Book Reviews of Man, Woman, and Child

Man, Woman, and Child
Man Woman and Child
Author: Erich Segal
ISBN-13: 9780553562354
ISBN-10: 0553562355
Publication Date: 3/1/1993
Pages: 224
  • Currently 2.8/5 Stars.

2.8 stars, based on 6 ratings
Publisher: Bantam
Book Type: Paperback
Reviews: Amazon | Write a Review

5 Book Reviews submitted by our Members...sorted by voted most helpful

reviewed Man, Woman, and Child on + 351 more book reviews
Note: this book is in good condition, but because it has been stored loosely, it is not flat - it has a slight wave to it. I will try to flatten it.

From Eric Segal comes an unforgettable story of love....the drama of a father and the son he never knew... And a marriage that must stand the greatest test of all. Man, Woman And Child. Bob and Sheila Beckwith had everything: rewarding careers, two wonderful daughters, and a perfect marriage... almost perfect. for what Sheila didn't know was that Bob has once been unfaithful-only once, ten years ago during a business trip to France. What Bob didn't know was that his brief affair produced a son. Now a tragic accident-and one fateful phone call-will change Bob and Sheila's life forever...
reviewed Man, Woman, and Child on + 34 more book reviews
Another good quick read by Erich Segal. I will be reading more from this author for sure. The author shows the husband Bob and the wife Sheila as having the perfect marriage with two daughters. That is, until Bob receives a call from his friend in France informing him of the death of a woman he had an affair with. She had his son, Jean-Claude and had not told the son who the father was. With no family for him to go to, the boy would end up an orphan and his friend asked if he would take the boy. Bob eventually agrees to taking him on the condition that his friend can find someone else to care for him in one month.

Bob has the challenge of telling his wife of his affair and that the woman he slept with had his son and never said anything to him. To commit such adultery and to ask for forgiveness is quite ballsy. You can see how it rocks their marriage and tears up Sheila with wanting to know why he chose to do it. It was a difficult read in wanting Sheila to set aside her anger for her husband and let his SON stay and be apart of their family. You can't really blame her for her feelings as she felt betrayed. It was an emotional read and very enjoyable, I would read it again.
reviewed Man, Woman, and Child on
In another unforgettable story of love by the author of Love Story comes the story of a father and the son he never knew...And a marriage that must withstand the greatest test of all.

Robert and Sheila Beckwith had everything: rewarding careers - Robert as a statistics professor and Sheila as an editor for a distinguished publishing house; two wonderful, precocious daughters - twelve-year-old Jessica and nine-year-old Paula - and a marriage that was almost...perfect. For there was one thing thing that Sheila didn't know - that while on a business trip to France a decade before, Bob had been unfaithful to her. It had only happened one time, and was never repeated...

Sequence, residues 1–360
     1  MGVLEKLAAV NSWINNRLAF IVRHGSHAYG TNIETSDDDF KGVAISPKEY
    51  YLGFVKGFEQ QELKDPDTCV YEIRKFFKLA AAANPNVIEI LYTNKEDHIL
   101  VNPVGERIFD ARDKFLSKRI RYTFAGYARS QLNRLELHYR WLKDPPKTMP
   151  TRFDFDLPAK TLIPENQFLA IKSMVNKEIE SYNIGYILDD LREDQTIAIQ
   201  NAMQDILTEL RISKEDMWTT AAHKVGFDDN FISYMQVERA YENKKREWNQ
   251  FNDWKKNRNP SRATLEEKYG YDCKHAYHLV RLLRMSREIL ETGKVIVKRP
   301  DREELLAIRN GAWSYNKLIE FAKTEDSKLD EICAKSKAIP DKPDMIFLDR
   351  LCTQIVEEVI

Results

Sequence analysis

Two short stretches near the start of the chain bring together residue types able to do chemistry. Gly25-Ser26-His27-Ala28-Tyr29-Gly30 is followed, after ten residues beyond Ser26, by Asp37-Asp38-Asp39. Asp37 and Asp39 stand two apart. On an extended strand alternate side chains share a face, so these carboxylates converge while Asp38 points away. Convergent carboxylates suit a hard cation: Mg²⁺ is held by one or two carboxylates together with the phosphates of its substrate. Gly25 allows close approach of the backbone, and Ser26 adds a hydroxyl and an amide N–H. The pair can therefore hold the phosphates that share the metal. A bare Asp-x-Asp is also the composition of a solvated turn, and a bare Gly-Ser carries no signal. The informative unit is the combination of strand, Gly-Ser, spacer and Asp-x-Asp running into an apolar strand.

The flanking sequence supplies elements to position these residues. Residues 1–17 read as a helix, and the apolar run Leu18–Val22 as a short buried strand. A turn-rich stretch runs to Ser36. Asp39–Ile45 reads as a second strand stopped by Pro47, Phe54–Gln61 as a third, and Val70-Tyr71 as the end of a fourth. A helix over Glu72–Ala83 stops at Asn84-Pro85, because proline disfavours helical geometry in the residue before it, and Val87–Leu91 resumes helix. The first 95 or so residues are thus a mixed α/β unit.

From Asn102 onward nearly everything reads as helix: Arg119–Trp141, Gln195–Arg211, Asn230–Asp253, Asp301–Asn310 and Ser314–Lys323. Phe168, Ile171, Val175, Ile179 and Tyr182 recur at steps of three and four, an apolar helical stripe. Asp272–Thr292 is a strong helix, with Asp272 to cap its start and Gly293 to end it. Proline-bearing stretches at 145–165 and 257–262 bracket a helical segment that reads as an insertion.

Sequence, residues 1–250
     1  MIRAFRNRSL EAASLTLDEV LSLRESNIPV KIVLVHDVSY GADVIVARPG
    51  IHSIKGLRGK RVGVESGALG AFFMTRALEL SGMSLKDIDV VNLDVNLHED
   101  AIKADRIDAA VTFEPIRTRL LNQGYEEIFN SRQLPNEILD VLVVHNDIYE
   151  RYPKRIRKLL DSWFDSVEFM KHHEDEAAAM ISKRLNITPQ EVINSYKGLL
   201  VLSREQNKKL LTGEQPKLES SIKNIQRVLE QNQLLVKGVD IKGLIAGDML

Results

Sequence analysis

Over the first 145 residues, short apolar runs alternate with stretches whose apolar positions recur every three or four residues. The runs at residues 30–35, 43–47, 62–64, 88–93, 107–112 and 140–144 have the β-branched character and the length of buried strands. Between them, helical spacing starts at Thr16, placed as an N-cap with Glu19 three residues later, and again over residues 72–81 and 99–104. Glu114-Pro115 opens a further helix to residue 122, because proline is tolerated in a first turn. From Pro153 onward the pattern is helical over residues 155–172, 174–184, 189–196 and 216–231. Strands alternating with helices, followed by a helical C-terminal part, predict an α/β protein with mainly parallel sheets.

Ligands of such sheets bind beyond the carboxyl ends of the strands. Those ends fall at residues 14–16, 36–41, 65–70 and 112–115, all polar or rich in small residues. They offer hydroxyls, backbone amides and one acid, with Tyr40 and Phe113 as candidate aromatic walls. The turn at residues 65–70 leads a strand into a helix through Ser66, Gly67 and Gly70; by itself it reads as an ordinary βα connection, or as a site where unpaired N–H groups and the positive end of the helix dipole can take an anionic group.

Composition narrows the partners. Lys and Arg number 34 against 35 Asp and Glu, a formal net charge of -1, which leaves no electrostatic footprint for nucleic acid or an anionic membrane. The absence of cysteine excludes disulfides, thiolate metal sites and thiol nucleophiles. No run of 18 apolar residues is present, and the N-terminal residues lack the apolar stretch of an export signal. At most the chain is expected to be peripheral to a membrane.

However, what Bob never realized was that his brief affair had produced a son. Now a tragic accident - and one fateful phone call - will change Bob and Sheila Beckwith's life forever...

I thoroughly enjoyed reading this book. It was incredibly poignant and compulsively readable - although, I must say that I found the ending both satisfactory - and decidedly unsatisfactory - all at once. I was absolutely enthralled by this story. In my opinion, this was truly an excellent book - I give it an A+!
reviewed Man, Woman, and Child on + 919 more book reviews
This is a great story of a family dealing with the father's child by his only stray during his marriage. He worships his wife but, once, just once, spends three days and nights with a beautiful woman when he is trapped in France. It's warm, realistic, and heart-tugging. Like the story very much.
reviewed Man, Woman, and Child on + 129 more book reviews
I wish I appreciated Erich Segal's writing style more. Man, Woman and Chaild is very readable, in that it has lots of dialogue intersperced with a few quick lines of set up, it's fast paced, events happen quickly, and the story moves steadily. But, his style of writing seems thin to me. Remote even. He knows exactly where the story is going, but he leads the reader there without frills or even "feeling". Odd, this lack of feeling, since his characters suffer greatly (in this case lots of guilt and remorse for "the man", anger and hurt for "the woman", etc.) and their every thought is revealed before they speak their next line. Like I said, I wish I appreciated the style more.

*** Three stars for being readable, but only three due to the lack of fireworks.